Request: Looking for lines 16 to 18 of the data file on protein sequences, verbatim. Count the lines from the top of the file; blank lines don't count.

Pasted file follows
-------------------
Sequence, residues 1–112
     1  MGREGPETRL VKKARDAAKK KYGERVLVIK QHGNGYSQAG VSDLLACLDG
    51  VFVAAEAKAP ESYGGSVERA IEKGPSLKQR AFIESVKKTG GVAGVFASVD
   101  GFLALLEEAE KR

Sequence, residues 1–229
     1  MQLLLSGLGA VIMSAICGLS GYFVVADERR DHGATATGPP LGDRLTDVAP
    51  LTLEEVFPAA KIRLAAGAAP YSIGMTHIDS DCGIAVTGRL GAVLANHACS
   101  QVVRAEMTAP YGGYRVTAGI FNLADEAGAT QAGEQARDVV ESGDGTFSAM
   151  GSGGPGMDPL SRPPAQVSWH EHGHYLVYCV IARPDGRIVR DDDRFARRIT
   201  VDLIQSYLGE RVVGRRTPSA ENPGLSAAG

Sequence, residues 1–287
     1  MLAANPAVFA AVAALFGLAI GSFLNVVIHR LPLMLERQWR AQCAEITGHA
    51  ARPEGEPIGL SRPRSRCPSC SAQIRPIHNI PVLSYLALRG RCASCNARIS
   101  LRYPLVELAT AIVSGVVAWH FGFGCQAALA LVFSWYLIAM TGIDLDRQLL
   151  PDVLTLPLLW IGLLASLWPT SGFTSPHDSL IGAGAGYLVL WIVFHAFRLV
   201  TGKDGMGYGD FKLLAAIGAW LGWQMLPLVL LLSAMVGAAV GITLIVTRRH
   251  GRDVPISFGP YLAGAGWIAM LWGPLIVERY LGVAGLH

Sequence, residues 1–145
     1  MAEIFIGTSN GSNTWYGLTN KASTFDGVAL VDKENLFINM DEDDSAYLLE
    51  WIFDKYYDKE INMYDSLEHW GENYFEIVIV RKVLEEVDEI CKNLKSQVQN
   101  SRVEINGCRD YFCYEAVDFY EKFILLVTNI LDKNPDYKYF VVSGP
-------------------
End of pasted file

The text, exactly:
   201  TGKDGMGYGD FKLLAAIGAW LGWQMLPLVL LLSAMVGAAV GITLIVTRRH
   251  GRDVPISFGP YLAGAGWIAM LWGPLIVERY LGVAGLH

Sequence, residues 1–145